August 10, 2022

Using Cinema Robots for High Precision

Frankie Pike

If you’ve seen Kendrick Lamar’s music video, “Humble,” you’ve already seen the gravity-defying, hyper-precise work that cinema robots can produce. We have our own cinema robots, which we use to get shots that would otherwise be impossible.

Cinema robots are robots designed for automation and built so that you can mount any camera to them. If you’ve ever seen the robots designed to build cars, it’s the same sort of robot, just modified for filmmaking.

“Humble” first made cinema robots popular with the public.

“It was one of the first shots consumers saw and were like, ‘How did they do it?’ There’s no other way to get a shot like that with such precision,” said Ari Morales, our studio director, visual engineer/motion control operator, and resident robot pro.

The benefits of using cinematic robots

The benefits of using a cinema robot for filming are immense. Namely, they allow incredibly accurate repeatability, stability, precision down to one-thousandth of an inch, and high speed up to 13 miles per hour. Our cinema robots are also portable enough to fit through doorways.

Additionally, because you don’t need to transition from a camera on a tripod to a slider and back, a cinema robot can save hours on set, and you don’t need as big of a crew.

“Something that may take you a couple days, you could do in an afternoon,” Morales said.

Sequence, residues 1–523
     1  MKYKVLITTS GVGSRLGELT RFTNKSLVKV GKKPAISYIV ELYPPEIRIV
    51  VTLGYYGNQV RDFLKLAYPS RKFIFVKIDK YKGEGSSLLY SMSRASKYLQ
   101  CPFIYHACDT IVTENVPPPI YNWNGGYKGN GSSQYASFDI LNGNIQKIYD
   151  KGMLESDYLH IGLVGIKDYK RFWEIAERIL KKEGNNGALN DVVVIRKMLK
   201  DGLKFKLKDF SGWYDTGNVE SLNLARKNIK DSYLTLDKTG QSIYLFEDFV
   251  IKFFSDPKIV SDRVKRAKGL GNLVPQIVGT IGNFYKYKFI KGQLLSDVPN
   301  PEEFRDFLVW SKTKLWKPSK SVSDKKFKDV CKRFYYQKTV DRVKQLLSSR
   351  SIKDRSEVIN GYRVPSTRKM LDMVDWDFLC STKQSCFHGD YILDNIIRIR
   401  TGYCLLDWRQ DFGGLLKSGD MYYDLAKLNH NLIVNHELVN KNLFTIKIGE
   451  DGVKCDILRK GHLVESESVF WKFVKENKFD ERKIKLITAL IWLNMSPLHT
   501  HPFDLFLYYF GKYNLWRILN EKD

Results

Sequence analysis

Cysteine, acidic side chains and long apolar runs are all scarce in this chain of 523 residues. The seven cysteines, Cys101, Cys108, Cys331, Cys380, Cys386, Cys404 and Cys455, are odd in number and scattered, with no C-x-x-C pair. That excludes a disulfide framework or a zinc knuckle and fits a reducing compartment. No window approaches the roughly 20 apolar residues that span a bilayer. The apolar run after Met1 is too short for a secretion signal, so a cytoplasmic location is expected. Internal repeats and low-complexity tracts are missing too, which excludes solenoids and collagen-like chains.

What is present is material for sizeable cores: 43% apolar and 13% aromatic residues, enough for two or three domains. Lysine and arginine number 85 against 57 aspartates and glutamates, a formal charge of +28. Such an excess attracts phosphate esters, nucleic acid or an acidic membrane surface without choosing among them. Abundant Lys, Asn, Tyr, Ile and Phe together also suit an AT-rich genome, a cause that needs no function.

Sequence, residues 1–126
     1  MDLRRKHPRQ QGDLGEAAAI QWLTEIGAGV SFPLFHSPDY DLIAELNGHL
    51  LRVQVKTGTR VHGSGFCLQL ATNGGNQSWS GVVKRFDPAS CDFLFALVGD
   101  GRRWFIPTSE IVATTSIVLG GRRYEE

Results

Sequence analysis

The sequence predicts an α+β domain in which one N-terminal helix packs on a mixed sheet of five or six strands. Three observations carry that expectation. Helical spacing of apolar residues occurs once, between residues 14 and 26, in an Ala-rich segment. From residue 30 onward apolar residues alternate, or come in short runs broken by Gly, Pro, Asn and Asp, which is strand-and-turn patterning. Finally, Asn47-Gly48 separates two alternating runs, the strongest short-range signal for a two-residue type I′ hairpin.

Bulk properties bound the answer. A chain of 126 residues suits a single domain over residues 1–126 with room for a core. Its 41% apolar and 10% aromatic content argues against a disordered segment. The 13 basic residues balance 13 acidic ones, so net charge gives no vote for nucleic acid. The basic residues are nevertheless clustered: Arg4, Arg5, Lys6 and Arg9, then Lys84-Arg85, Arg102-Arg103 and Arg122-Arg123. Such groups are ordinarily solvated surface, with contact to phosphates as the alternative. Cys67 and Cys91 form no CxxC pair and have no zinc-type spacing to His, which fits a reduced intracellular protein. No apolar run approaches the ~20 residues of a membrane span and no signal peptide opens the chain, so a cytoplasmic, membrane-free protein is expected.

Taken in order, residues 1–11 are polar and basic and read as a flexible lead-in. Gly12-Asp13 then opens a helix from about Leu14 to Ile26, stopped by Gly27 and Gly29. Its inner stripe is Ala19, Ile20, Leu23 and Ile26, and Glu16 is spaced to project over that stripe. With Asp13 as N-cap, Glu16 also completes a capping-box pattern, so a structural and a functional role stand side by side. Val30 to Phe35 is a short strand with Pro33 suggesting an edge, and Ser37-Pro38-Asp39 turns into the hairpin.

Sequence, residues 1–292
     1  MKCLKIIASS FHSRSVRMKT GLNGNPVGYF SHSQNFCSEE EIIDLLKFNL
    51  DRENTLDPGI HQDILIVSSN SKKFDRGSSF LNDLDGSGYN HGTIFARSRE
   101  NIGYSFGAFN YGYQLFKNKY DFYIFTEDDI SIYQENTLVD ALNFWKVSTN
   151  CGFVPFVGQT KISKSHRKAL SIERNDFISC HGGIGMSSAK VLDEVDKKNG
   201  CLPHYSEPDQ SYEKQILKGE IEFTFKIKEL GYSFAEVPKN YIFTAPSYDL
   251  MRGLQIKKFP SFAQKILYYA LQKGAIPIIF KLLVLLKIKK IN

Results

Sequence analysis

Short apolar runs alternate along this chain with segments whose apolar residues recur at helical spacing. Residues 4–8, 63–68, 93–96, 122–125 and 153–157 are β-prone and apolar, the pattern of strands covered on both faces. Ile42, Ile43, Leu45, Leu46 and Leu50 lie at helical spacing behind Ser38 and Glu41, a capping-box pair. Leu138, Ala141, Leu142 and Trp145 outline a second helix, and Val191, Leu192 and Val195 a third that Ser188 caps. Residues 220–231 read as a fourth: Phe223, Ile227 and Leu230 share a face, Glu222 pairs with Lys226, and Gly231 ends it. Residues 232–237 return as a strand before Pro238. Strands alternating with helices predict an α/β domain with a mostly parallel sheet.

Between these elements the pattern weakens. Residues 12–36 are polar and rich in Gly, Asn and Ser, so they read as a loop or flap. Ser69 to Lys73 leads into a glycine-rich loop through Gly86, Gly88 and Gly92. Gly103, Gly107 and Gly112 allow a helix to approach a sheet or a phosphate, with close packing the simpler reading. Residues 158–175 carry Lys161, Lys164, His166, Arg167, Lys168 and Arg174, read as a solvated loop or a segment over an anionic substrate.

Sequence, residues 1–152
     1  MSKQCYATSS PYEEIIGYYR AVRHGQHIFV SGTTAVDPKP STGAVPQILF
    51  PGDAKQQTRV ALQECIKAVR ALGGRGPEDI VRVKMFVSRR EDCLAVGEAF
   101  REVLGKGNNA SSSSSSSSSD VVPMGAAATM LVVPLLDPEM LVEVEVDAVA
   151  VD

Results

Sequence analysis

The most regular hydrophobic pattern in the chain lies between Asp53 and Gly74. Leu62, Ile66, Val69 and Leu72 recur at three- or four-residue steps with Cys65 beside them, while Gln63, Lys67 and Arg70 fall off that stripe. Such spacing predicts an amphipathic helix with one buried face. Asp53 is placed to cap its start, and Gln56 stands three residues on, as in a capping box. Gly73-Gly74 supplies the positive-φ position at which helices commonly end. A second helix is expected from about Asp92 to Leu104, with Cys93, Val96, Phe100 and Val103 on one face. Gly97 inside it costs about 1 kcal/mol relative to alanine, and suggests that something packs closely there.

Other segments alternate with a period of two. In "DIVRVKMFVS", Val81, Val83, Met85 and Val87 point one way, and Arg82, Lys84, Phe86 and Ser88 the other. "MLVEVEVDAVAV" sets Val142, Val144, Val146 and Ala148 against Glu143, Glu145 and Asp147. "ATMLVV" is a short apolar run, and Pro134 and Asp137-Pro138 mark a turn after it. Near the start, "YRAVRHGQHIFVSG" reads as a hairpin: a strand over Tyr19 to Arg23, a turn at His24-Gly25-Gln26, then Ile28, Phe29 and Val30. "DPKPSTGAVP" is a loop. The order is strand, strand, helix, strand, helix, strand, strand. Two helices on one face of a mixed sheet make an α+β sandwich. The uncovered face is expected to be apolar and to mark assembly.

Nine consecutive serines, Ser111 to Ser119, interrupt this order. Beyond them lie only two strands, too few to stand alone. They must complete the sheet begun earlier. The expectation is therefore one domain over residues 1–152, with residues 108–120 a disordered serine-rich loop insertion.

For example, if you had 10 different shoes and wanted to get 10 identical shots of each, all you would have to do is program the robot, then switch out the shoe, and you’ll get the exact same shot for each one.

Morales shot a Nerf x Reebok spec commercial using a cinema robot. View the final product here.

This makes the robots ideal for product shots—like the shoes—and anything high-tech. When featuring high-tech products, you want the shots to be as clean and precise as possible—devoid of human error. Cinema robots allow you to achieve that hyper-precise, cutting-edge look that you may not be able to get by operating a camera by hand.

The Software Makes the difference

What truly sets cinema robots apart is the software. We use Lensmaster by Camerabotics, which is specifically catered to filmmakers. The interface is timeline-based, similar to Adobe After Effects or Premiere Pro, so we can be highly accurate with how fast things move, where they go, and at what time.

Behind-the-scenes shot of the Lensmaster software between takes during our Glenfarclas shoot.

Our primary robot was made by KUKA out of Germany and it sits on a custom platform. We use FIZ focus motors from Tilta, which integrate into the hardware and software.

“It’s everything,” Morales said. “It’s like having the best tripod in the world. You can put your camera in any position in a matter of seconds and get shots you otherwise just couldn’t get. It’s also a good slider, better than a gimbal.

“It’s everything. It’s like having the best tripod in the world. You can put your camera in any position in a matter of seconds and get shots you otherwise just couldn’t get.”

-Studio Director Ari Morales

“It can be your tripod, your slider, your gimbal—it can be anything you want it to be in terms of camera movement.”

Additionally, we have a second robot by Tormach that Morales is beta testing for cinema use. It will be their first automation robot, and Morales is helping them design the cinema aspect of it.

We used cinema robots for our Siete Family Foods, Profound Commerce, Glenfarclas Whisky, Nerf x Reebok, and Mush Oats shoots. We’re excited to continue using them to push our limits and achieve a level of quality that would have been unattainable otherwise.

Have an ambitious video project that may benefit from cinema robots? Reach out to us at [email protected].